Ask Our Experts: Vermont’s Adult-Use Program Activation
Q: What impact might Vermont’s new passage of adult-use reform mean for the larger U.S. legal cannabis market?
By Noah Tomares, Research Analyst, New Frontier Data
A: Proponents of legal cannabis in Vermont received a win last week with Gov. Phil Scott’s surprise announcement that he will not stand in the way of S.54, a bill legalizing cannabis sales statewide. Though Vermont passed legislation for adult use, possession, and personal cultivation in 2018, no frameworks for legal production and sales had been established.
Gov. Scott declined to sign the bill—citing several concerns including racial justice and the safety of cannabis vaping products—but likewise declined to veto the measure, which many had expected. It will go into effect without his signature, allowing for the eventual implementation of a legal adult-use market.
Under the bill, a new Cannabis Control Commission will issue licenses for retailers, growers, manufacturers, wholesalers, and labs. Local jurisdictions will need to opt in to allow cannabis businesses to operate, and municipalities will be able to establish their own regulations and licensing requirements. In addition, it imposes a 30% THC limit on cannabis flower, and a 60% limit on oils.
The governor did sign a separate expungement bill, which automatically clears the records of those convicted for marijuana possession of up to two ounces, four mature plants, and eight immature plants prior to Jan 2021.
Gov. Scott said “This has been a top priority for the majority in the legislature for four years, but their work is not complete. They must ensure equity in this new policy and prevent their priority from becoming a public health problem for current and future generations.”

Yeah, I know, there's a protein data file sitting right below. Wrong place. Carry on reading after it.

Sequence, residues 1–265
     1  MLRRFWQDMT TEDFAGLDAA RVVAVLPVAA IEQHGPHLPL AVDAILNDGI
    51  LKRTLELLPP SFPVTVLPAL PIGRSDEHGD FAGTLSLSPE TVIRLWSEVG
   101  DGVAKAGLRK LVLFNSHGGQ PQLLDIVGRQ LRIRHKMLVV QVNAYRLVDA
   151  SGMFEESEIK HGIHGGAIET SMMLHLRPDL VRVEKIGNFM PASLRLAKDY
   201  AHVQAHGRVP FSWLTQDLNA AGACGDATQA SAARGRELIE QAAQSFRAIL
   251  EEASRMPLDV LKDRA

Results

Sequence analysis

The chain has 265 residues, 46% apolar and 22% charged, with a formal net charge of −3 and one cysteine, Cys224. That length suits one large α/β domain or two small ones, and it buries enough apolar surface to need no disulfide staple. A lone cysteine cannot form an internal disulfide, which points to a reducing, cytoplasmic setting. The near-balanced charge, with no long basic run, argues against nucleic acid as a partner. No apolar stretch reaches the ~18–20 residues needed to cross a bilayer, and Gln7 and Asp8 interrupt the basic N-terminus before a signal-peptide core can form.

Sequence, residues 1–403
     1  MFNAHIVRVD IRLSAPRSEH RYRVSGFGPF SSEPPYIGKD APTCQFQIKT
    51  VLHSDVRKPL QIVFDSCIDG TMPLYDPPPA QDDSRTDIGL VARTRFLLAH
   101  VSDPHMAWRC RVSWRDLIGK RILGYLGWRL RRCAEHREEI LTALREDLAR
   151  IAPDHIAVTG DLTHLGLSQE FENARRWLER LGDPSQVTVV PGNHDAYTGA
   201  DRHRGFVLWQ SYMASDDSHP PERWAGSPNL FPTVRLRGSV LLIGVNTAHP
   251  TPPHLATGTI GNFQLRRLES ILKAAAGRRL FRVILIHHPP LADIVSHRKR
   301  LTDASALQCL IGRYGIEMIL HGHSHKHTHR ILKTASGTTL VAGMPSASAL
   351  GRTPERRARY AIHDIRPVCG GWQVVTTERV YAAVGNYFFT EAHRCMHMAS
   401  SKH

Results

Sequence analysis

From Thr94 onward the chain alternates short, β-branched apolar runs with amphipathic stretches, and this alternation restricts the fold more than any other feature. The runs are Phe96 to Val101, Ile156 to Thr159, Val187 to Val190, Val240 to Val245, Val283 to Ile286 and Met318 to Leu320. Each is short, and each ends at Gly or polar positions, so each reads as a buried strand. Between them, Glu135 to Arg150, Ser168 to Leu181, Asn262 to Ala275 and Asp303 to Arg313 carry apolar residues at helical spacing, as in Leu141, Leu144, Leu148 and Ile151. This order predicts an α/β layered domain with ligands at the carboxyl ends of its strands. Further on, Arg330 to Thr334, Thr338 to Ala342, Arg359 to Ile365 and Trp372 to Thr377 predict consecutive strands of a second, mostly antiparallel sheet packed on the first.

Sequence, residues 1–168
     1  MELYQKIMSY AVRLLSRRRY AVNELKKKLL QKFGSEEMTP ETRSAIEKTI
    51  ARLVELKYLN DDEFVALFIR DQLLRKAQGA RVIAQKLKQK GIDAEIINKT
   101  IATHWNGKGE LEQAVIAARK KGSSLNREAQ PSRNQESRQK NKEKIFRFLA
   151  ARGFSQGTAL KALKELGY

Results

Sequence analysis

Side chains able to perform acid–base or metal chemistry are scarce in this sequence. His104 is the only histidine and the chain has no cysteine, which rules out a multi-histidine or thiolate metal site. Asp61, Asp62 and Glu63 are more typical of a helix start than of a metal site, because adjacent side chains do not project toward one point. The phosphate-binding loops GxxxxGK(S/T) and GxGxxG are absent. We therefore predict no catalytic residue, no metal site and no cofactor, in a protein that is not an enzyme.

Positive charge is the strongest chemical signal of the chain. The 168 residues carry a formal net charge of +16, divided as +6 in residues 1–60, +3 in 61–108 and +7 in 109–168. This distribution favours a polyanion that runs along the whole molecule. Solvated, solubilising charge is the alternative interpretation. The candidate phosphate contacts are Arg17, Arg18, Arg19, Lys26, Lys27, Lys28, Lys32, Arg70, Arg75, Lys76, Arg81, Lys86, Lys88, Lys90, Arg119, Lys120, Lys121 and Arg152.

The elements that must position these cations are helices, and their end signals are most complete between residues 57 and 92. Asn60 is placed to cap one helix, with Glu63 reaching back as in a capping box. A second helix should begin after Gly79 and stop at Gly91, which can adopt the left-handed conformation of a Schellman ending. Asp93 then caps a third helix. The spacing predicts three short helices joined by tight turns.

There will be plenty of time to address the governor’s concerns. While a timeline for the legislation states that it formally takes effect as of Oct. 1, 2020, dispensary licenses can be issued as late as Oct. 1, 2022. While the lengthy runway provides ample opportunity to tweak the legislation, it may also afford the existing unregulated market to further entrench itself.
The reform stands in stark contrast to that in Illinois, which also legalized retail sales through its legislature. In May 2019, the Illinois General Assembly passed the Illinois Cannabis Regulation and Tax Act. Sales began on Jan 1, 2020—barely 6 months after the legislation was signed. Since then, cannabis sales have grown dramatically. New month-over-month records have been set for both in-state and out-of-state resident sales.
If Vermont can accelerate its timetable, sales in the state could grow rapidly. Assuming that sales begin Jan 2022, recreational sales project to topping $68 million that year. By 2025, sales would expectedly more than double, to $178 million.
Furthermore, Vermont will expand the reach of legalized adult-use access in New England by joining Massachusetts (which began sales in 2018) and Maine (where sales just began on October 9). It may also become the first of several states in play to legalize cannabis sales this winter. Five states have ballot initiatives representing an additional $9 billion to the U.S. legal cannabis market. More detailed information is available in New Frontier Data’s electoral analysis here.